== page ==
حفاظت از حقوق مالکیت معنوی مطلوب در یک وضعیت اورژانس سلامت بین المللی
|کد مقاله||سال انتشار||مقاله انگلیسی||ترجمه فارسی||تعداد کلمات|
|16618||2012||8 صفحه PDF||سفارش دهید||7180 کلمه|
Publisher : Elsevier - Science Direct (الزویر - ساینس دایرکت)
Journal : Regional Science and Urban Economics, Volume 42, Issue 6, November 2012, Pages 1009–1016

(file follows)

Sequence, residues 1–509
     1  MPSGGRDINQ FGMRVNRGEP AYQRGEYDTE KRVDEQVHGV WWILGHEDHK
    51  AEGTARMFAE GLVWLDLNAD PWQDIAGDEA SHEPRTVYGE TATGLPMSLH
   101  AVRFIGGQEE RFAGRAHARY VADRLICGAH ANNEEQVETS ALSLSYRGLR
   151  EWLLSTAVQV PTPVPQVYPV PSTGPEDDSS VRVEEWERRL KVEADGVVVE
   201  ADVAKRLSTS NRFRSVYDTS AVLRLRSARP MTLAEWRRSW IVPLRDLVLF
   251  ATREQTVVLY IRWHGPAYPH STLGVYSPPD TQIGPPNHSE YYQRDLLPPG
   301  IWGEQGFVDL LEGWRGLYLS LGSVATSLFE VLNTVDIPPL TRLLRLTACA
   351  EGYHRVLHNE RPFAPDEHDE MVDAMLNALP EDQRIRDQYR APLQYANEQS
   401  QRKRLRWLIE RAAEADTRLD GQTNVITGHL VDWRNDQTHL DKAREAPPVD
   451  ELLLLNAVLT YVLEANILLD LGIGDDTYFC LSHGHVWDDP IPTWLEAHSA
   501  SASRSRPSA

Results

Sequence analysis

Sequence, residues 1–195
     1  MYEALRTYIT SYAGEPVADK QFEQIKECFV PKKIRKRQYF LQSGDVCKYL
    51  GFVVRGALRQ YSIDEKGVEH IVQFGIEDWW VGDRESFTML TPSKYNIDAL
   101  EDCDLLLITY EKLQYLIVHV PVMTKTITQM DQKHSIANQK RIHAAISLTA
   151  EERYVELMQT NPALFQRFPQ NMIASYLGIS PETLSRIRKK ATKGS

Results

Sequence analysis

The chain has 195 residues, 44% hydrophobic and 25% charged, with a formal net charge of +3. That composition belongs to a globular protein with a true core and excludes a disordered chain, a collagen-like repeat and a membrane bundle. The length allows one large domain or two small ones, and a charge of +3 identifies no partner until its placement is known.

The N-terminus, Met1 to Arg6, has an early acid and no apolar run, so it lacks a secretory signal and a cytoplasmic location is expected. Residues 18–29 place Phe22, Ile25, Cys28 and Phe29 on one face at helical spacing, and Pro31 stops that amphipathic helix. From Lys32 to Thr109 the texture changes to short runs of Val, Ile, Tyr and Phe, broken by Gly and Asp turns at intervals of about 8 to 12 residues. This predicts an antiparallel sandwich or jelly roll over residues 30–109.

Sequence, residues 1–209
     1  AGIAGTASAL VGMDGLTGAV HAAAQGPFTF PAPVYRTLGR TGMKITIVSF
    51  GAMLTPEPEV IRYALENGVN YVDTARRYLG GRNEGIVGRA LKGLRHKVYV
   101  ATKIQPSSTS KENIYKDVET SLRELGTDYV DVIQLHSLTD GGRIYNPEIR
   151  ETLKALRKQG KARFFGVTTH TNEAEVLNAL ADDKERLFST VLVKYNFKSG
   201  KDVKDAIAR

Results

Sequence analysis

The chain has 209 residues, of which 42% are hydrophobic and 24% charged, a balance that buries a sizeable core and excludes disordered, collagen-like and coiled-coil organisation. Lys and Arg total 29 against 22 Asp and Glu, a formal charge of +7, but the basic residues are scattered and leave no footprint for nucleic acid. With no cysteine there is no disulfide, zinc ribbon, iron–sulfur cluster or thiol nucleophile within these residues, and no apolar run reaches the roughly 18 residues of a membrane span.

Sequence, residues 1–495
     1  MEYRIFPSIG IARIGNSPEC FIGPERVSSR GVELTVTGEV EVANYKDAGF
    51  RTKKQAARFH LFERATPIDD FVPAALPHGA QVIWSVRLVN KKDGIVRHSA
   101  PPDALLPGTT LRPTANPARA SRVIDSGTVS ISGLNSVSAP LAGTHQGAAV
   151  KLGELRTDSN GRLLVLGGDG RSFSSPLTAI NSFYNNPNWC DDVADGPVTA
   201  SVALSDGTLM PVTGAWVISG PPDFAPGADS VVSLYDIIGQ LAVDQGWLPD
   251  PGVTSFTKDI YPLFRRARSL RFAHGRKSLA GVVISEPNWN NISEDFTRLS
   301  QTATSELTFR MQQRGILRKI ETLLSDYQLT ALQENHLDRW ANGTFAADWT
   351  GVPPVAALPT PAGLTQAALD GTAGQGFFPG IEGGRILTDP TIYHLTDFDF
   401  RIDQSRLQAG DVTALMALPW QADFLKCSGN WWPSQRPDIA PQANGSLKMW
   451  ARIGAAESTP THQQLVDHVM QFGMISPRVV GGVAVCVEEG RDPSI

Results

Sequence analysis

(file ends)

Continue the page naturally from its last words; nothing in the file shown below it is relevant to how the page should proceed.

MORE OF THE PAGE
We analyze policy options during an international health emergency to provide consumers in least developed countries access to patented life-extending pharmaceuticals. Reliance on property rights exhaustion is shown to be insufficiently flexible and costly to implement. By contrast, the optimal degree of price discrimination can always be achieved with a properly specified tariff. We identify a trade-off between patent length and the relevant optimal tariff rate. If the patent length is too short (too long) there must be an offsetting higher (lower) than socially optimal tariff rate. When patent length can be manipulated as an explicit policy tool we identify a clear policy assignment. The tariff rate should be set to achieve social welfare objectives while the patent length can be used to control the resource cost of innovation.